Different country, same precarity. Of the 124,076 people who left Italy last year, 49,000 (39 percent) are aged between 18 and 34, and a quarter are between 35 and 49. In just a year, the number of “expats” in these age groups has increased by over 9,000 and 3,500, respectively.
The reasons are described in the 2017 “Italiani nel mondo” (Italians in the World) report, presented this week by the Fondazione Migrantes. The predominant causes seem to be the unsustainable socio-economic conditions in post-Jobs Act Italy, a country built on informal and undeclared work, where 85 percent of new hires are short-term and very-short-term (according to data provided by the INPS).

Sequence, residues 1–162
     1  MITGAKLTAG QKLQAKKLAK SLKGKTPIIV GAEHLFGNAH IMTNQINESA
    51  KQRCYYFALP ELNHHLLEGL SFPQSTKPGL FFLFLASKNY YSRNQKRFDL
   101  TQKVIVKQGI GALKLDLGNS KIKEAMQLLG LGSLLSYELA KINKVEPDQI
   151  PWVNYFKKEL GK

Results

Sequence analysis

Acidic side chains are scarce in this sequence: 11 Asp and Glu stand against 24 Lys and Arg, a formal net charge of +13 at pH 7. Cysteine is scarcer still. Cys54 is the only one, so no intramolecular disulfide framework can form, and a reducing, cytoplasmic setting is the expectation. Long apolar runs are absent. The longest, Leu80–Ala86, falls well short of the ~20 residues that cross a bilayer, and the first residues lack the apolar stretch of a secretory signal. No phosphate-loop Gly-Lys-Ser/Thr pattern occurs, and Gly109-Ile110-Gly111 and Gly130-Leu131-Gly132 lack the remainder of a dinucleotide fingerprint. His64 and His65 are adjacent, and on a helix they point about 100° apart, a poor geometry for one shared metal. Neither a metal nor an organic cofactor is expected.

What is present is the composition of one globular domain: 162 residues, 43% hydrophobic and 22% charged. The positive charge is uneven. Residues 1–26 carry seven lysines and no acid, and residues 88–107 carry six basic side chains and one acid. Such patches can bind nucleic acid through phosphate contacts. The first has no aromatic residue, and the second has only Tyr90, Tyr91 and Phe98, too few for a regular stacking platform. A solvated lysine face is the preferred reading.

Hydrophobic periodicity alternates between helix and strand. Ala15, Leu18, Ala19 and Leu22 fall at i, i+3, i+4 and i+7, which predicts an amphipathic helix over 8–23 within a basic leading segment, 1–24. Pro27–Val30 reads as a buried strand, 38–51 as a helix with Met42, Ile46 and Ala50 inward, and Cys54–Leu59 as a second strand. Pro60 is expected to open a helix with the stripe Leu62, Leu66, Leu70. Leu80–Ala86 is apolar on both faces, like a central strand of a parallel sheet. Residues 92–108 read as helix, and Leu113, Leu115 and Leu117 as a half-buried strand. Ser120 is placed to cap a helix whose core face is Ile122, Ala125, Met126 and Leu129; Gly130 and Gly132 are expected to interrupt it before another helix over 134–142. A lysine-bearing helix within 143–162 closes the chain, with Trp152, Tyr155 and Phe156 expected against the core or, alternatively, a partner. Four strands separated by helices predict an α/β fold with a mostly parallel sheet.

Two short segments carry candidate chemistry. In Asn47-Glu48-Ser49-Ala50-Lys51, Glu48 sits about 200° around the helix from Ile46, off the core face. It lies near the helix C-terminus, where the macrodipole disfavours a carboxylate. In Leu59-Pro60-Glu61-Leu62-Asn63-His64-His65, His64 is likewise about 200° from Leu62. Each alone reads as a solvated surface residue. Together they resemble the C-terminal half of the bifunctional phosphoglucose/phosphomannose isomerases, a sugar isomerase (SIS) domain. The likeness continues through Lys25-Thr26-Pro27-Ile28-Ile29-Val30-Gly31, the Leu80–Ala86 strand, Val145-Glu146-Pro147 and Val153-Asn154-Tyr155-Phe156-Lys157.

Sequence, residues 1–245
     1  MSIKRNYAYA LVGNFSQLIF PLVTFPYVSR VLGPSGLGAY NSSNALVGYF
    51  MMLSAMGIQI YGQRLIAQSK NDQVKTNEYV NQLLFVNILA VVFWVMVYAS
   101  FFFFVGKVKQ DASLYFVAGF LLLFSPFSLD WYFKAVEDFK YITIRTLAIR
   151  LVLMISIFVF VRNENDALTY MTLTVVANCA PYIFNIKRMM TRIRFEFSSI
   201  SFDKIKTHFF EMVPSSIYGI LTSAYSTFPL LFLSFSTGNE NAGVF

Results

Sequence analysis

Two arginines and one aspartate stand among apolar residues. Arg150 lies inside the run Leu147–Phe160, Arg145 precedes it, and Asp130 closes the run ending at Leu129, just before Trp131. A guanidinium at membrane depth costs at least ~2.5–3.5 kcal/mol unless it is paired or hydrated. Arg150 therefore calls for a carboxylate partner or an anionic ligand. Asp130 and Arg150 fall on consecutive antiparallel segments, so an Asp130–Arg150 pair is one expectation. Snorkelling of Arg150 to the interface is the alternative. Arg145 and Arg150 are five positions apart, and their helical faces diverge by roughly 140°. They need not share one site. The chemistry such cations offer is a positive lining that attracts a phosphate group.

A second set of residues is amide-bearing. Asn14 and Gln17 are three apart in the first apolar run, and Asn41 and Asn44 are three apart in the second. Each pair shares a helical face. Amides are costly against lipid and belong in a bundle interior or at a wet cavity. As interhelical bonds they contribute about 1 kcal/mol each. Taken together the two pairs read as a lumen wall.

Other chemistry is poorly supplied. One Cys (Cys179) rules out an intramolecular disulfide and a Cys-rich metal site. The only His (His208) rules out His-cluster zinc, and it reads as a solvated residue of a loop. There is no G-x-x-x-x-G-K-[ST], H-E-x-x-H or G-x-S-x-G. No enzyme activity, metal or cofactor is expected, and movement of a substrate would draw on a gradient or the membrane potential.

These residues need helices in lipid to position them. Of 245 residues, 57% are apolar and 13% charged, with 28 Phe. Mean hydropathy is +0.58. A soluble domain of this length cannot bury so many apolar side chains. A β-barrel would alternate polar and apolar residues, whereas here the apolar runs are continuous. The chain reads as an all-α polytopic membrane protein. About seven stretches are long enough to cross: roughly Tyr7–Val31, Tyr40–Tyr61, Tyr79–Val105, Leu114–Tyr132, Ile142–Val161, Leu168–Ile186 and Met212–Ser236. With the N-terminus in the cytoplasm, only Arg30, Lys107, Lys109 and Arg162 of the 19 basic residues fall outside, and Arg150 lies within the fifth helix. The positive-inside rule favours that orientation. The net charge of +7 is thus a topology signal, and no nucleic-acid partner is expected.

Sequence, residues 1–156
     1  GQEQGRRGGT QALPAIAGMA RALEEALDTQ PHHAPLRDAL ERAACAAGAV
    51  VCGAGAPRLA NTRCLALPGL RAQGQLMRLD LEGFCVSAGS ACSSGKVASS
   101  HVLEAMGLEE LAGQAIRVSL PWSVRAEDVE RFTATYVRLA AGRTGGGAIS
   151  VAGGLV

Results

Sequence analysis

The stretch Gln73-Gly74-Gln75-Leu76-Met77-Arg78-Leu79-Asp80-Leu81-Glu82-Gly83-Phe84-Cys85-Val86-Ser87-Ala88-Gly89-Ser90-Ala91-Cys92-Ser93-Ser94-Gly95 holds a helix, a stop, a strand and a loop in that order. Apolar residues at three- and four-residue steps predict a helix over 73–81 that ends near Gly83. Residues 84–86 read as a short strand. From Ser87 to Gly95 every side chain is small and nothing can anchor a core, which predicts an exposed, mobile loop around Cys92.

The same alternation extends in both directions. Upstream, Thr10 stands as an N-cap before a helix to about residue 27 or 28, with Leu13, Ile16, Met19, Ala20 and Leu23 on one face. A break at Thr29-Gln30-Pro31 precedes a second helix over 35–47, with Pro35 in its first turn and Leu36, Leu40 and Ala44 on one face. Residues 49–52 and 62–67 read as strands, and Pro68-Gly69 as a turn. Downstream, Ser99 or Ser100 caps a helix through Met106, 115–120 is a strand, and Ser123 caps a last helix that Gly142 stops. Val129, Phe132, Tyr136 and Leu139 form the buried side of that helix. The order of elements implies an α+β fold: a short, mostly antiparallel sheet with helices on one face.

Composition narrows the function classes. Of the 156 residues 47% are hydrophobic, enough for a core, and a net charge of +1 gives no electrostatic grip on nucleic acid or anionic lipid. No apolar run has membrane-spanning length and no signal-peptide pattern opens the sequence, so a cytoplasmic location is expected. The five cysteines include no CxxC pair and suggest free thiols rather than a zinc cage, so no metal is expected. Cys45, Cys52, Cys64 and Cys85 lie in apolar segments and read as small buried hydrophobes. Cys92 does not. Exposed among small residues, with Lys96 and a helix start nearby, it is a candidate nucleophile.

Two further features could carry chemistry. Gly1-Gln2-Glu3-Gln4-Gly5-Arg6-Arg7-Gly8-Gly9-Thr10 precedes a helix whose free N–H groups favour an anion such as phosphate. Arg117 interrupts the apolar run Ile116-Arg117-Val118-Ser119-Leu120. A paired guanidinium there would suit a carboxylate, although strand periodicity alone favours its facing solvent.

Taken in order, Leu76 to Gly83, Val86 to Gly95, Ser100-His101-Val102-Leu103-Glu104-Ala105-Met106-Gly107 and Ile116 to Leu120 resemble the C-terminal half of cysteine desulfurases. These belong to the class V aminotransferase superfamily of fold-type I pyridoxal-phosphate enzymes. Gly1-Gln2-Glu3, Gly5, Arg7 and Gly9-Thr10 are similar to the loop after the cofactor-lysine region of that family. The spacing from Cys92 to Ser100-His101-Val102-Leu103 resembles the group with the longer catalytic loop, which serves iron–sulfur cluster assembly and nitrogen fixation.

This involves a first type of mobility: economic.